I grew up white in a blue collar suburb of Baltimore, one mile west of the city line. In the wake of the Freddie Gray riots, followed by the Memorial Day Weekend shootings of 35 in Baltimore, it strikes me that had I grown up two miles to the east and been black, my life would have turned out very differently.
Perhaps I'd be dead.
First off, I had a father in my home, someone who more or less understood me, and showed me how to act responsibly when it wasn't easy. As Mitch Pearlstein shows in From Family Collapse to America's Decline, most white kids have fathers in the home; most African Americans do not. Educationally, economically, and psychologically this is a huge disadvantage for blacks.
A team led by Harvard economist Raj Chetty reported that the greatest (negative) statistical correlate of upward mobility is a community's percentage of single parent families. (See Where is the Land of Opportunity?). Baltimore was among the cities ranked highest for single parent families, and lowest for upward mobility.
There would have been institutional as well as individual barriers to my success.
The Baltimore County schools I attended were mediocre, but not horrendous. Nobody got beaten up for reading books. Some teachers snoozed, but others inspired. If you wanted to learn enough to prepare for college, you could probably do it.
That would have been less possible had I attended the overwhelmingly African American Baltimore City schools two miles away. Until the 1970s it was routine for teachers and administrators to secure jobs with contributions to the local political machine, not with amazing teaching or service. This provided employment and helped politicians, but failed to produce a system which served kids.
Then there were, and are, relations with police. Whites are conditioned to think of cops as protectors, but blacks have a different history, in Baltimore and most everywhere.
As Howell Baum writes in Brown in Baltimore, it was once routine for white cops to shoot blacks without cause and get away with it. In 1950 the police commissioner refused to discipline an officer who had in separate incidents shot six blacks, two fatally, since the officer in question shot only "disreputable characters." Nor was Baltimore unusual in this regard. In Beat Cop to Top Cop, John Timoney observed that in the 1970s the New York City Police Department routinely killed 90 to 100 civilians annually, many for questionable reasons and most of them black.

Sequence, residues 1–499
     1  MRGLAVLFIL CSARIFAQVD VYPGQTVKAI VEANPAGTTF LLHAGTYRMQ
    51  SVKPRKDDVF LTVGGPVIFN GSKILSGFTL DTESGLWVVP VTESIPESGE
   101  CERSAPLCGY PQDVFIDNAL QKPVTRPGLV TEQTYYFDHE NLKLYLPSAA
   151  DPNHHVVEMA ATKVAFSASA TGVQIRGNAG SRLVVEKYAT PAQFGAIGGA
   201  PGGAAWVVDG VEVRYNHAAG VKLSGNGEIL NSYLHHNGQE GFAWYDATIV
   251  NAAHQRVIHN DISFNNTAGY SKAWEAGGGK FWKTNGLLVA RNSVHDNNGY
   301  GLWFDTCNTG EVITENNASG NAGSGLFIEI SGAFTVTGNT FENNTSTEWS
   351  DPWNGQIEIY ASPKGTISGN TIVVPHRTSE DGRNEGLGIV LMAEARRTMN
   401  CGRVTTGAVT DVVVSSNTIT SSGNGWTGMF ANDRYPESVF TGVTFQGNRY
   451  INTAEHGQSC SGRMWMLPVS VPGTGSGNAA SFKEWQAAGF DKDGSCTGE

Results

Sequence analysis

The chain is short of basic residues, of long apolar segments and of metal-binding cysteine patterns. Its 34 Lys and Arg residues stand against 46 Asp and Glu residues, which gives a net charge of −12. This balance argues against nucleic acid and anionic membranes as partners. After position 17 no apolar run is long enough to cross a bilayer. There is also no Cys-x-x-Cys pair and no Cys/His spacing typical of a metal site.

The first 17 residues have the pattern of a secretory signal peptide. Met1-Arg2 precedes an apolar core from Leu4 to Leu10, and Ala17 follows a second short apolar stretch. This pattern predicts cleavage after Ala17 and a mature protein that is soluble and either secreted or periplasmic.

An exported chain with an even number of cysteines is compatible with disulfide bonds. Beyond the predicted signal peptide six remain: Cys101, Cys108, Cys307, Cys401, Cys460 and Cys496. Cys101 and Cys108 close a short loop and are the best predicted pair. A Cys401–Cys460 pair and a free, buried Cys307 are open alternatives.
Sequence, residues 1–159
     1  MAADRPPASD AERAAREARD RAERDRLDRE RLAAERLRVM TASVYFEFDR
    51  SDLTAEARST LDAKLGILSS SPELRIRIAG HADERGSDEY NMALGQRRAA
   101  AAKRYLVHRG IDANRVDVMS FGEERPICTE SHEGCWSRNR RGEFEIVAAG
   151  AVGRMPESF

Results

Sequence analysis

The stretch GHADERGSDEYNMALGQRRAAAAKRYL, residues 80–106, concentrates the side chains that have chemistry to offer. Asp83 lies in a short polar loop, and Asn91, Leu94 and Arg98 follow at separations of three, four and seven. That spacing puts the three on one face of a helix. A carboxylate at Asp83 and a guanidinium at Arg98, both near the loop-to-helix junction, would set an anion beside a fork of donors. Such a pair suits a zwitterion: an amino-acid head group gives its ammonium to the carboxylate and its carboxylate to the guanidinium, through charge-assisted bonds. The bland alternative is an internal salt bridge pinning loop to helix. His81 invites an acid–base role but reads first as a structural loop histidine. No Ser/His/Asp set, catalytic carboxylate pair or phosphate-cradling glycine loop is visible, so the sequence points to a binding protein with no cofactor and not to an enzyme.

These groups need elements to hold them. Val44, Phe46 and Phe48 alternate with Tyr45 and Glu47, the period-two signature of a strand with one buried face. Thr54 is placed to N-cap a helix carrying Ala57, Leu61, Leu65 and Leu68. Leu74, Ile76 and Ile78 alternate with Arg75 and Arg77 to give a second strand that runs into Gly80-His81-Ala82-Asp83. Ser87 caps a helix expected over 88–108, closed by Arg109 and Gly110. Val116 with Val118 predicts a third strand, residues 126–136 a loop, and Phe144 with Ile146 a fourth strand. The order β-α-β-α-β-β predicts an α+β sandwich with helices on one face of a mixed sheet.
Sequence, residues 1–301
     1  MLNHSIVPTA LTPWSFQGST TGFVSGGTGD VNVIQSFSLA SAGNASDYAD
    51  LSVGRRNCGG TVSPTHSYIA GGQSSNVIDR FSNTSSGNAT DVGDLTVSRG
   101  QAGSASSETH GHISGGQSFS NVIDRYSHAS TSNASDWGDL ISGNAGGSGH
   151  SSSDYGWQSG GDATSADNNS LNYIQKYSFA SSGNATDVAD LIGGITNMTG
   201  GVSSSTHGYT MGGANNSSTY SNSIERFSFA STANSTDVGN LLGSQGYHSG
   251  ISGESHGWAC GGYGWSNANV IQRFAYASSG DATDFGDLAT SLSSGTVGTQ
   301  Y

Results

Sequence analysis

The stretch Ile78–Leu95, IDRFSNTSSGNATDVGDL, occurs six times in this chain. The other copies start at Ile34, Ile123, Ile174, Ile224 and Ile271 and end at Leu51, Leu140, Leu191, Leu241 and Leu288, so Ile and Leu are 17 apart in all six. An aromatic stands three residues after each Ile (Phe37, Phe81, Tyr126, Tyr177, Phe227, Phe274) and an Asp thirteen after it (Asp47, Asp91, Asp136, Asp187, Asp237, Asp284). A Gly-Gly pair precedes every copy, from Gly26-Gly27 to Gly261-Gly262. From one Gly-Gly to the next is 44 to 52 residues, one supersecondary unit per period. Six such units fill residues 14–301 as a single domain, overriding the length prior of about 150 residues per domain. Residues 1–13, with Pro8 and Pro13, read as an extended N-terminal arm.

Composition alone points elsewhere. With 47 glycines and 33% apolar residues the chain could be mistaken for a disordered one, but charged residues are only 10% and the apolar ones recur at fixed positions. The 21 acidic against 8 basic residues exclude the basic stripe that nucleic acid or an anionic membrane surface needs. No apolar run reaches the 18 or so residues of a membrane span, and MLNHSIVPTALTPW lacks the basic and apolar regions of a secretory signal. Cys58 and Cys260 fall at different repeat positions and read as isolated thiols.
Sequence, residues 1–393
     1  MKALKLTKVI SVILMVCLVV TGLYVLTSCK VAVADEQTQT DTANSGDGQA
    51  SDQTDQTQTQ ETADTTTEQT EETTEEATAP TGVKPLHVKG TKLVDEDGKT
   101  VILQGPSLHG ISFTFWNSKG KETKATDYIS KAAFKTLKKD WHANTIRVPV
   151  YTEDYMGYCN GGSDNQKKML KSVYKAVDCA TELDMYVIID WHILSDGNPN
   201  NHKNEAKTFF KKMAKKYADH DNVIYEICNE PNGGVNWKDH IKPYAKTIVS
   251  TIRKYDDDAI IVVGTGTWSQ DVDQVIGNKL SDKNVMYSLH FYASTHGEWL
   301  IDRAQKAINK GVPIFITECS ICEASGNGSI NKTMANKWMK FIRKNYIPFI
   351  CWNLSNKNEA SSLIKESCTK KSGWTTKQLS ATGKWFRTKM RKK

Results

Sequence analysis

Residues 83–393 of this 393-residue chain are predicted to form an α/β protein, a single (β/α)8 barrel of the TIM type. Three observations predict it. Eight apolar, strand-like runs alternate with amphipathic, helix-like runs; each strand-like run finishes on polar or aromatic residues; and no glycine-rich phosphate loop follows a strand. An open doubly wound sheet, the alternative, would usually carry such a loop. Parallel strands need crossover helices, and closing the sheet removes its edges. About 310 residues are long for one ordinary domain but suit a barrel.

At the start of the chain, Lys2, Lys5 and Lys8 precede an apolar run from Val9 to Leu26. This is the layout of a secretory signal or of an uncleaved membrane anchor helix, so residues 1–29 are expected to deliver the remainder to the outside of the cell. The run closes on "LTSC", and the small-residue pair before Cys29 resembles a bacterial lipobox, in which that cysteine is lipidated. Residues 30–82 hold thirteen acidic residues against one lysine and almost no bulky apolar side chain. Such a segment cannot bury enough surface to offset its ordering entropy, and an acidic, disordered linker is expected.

Not only was policing in black neighborhoods brutal; it was also ineffective. As a white in a mainly white neighborhood, I knew the police would protect me. If I mouthed off to the wrong person the worst I might get was a punch in the nose. Had I been black in Baltimore, I might have mouthed off to the wrong person and ended up dead. As black on black crime, my death would not have been a police priority. My killer would get away with murder, or at most serve a few years for killing someone who, like him, didn't matter.
From the 1960s on, 200 or so African Americans annually get murdered in Baltimore -- this year is on track to be higher -- but no one loses their jobs over this. Baltimore's young black dead are no one's priority. In sharp contrast, New York cut its homicide rate by 80% in ten years, and has kept it down since. Because homicide rates have little to do with whether they keep their jobs, Baltimore's police have no reason to copy the NYPD. All rhetoric to the contrary, in Baltimore and most cities, black on black crime is considered a social condition to be endured, not a social problem to be solved.
Rare cases like that on Staten Island notwithstanding, New York did not bring order via brutality. NYPD's 36,000 officers kill about a dozen civilians annually, nearly all of them justified and nearly 90% fewer than in the 1970s. That's because NYPD precinct commanders get demoted or promoted based on their performance, an innovation that has yet to catch on in Baltimore and other cities. Until it does, we can expect black bodies to keep piling high, no one caring how or why.
That is at the root of it all. If I were black, I just wouldn't matter.
A Baltimore native, Robert Maranto (firstname.lastname@example.org) is the 21st Century Chair in Leadership in the Department of Education Reform at the University of Arkansas. He serves on the Arkansas Advisory Committee for the U.S. Civil Rights Commission, though these views are his alone.